I am slightly perplexed after reading your post Alex. Have you used the Adjustment Brush that creates a mask in Lightroom 4 for Creative Sharpening? I have found that for local adjustments to an image it is very effective and not just sharpening.

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    Re: Lightroom 4 Sharpening - what am I missing?

    Alex,

    Re stacking: I was referring to focus stacking for increased DOF. I can tell you my logic, but I have never tested it. The only adjustments I make to images that I know I will stack are WB and, if necessary, exposure adjustments. I do the latter only if images are substantially under-or over-exposed or if some images are darker than others. I don't do anything that will mess with pixels. The reason is that I don't want to risk messing up the software's alignment of images. I then bring the stacked TIFF back into LR and go from there. That said, I have stacked lots of images with LR's default capture sharpening left on, and it has generally worked, so I may be worrying about nothing.

    Dan

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    Re: Lightroom 4 Sharpening - what am I missing?

    Quote Originally Posted by jprzybyla View Post
    I am slightly perplexed after reading your post Alex. Have you used the Adjustment Brush that creates a mask in Lightroom 4 for Creative Sharpening? I have found that for local adjustments to an image it is very effective and not just sharpening.
    Hi Joe,

    When using the adjustment brush for Sharpening you do not get much control over the settings. There is only a single slider not the usual set of Amount, Radius and Detail. This makes it a poor tool for creative sharpening. But it is better than nothing.

    I will change my 'request' to Adobe to update the brush sharpening sliders to allow Amount, Radius and Detail. This will definitely be a big improvement. A second set of sharpening sliders for creative sharpening will be limited since you may want to do more than just 2 passes. I'll scrap that idea.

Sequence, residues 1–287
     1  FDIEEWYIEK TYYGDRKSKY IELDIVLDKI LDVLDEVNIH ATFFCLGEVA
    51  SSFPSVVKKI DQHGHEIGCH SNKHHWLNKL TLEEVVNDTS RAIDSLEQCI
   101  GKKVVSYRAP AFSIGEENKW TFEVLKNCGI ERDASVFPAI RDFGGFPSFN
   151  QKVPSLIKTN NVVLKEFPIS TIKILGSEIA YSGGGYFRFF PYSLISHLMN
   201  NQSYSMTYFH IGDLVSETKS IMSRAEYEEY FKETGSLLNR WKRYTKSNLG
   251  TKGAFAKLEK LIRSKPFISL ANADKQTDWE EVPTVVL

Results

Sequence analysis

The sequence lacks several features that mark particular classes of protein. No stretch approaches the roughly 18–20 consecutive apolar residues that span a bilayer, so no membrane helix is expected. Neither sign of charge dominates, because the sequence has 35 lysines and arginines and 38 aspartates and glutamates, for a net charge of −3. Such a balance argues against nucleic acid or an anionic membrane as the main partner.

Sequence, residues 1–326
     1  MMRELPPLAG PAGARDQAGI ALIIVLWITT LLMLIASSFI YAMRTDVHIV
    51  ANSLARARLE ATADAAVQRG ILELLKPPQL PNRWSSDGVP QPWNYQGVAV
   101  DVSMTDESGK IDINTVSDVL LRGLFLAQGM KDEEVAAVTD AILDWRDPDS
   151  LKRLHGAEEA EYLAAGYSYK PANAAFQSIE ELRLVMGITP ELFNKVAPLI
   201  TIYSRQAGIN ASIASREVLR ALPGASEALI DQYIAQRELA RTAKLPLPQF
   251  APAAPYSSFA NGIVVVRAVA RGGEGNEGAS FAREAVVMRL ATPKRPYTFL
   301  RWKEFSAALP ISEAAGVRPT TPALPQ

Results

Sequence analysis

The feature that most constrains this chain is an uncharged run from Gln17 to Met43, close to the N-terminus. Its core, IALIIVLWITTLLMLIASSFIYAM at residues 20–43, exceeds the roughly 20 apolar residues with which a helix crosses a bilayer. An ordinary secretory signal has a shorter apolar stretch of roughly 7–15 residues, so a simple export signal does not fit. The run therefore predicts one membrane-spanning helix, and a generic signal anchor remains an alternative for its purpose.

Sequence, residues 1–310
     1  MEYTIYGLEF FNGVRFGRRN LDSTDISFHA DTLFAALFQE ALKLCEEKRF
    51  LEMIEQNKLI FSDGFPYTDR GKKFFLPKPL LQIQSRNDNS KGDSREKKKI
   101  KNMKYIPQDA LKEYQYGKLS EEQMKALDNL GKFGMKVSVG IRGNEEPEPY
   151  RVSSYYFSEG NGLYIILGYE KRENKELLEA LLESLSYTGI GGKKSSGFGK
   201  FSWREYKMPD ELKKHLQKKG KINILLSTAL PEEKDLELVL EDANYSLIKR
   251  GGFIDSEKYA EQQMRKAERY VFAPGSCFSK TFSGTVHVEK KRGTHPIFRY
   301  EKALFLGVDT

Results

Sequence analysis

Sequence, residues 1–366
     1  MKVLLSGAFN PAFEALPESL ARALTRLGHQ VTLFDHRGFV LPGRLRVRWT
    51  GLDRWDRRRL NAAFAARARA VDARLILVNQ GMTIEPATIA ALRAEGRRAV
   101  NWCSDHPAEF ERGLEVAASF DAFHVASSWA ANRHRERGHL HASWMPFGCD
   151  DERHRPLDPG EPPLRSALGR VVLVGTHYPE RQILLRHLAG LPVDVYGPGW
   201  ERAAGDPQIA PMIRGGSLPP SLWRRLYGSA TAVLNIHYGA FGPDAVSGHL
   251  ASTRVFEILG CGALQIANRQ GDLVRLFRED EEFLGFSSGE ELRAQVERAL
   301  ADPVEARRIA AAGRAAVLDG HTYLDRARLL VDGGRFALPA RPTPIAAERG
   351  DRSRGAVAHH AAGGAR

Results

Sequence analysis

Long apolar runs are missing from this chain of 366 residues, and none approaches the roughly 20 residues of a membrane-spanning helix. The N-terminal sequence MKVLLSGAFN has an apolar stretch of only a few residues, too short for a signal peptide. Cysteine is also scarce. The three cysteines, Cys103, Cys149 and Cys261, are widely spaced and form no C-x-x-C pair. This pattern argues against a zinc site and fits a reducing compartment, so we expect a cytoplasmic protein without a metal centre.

When I feel the need to work parts of the image for sharpening then I do my work in Photoshop. Unfortunately that then enters a non-parametric workflow. I would really like to have more creative sharpening tools within Lightroom that allow me the benefits of the non-destructive parametric editing of Lightroom (ACR), for example to synchronise settings across images, use virtual copies with different crops and colour developments and importantly to revisit and update my settings with fresh eyes.

    Quote Originally Posted by DanK View Post
    Alex,

    Re stacking: I was referring to focus stacking for increased DOF. I can tell you my logic, but I have never tested it. The only adjustments I make to images that I know I will stack are WB and, if necessary, exposure adjustments. I do the latter only if images are substantially under-or over-exposed or if some images are darker than others. I don't do anything that will mess with pixels. The reason is that I don't want to risk messing up the software's alignment of images. I then bring the stacked TIFF back into LR and go from there. That said, I have stacked lots of images with LR's default capture sharpening left on, and it has generally worked, so I may be worrying about nothing.

    Dan
    I applied the same logic when I first started stacking images. However I decided that the focus stacking software must assess the sharpness of focus using local contrast. So I tried a bit of capture sharpening to enhance pixel level sharpness and it improved my focus stacking of flowers. The petals can have large regions with very little contrast detail that appear to create an invisibility cloak that fools the stacking process. But when I am not happy with the stacking the first thing I try is turning off the capture sharpening.

    I found that the Photoshop algorithm does not handle flowers as well as Helicon Focus or Zerene Stacker. Photoshop seems to take any pixel areas from the first frame that are in focus and does not consider the image stack order. Once an area is taken as in focus then a sharper region in a later frame does not override the prior softer pixels. In this way Photoshop has a greedy algorithm where the first frame used is critical since it will set the standard and may be over used even though better frames exist. The dedicated stacking software require the frames to be in depth order and provide region growing algorithms starting from small areas of clearly good focus. The double pass algorithm of Helicon Focus allows refinement of a first pass. Unfortunately in this case it seems like you get what you pay for since it costs the most.

    Alex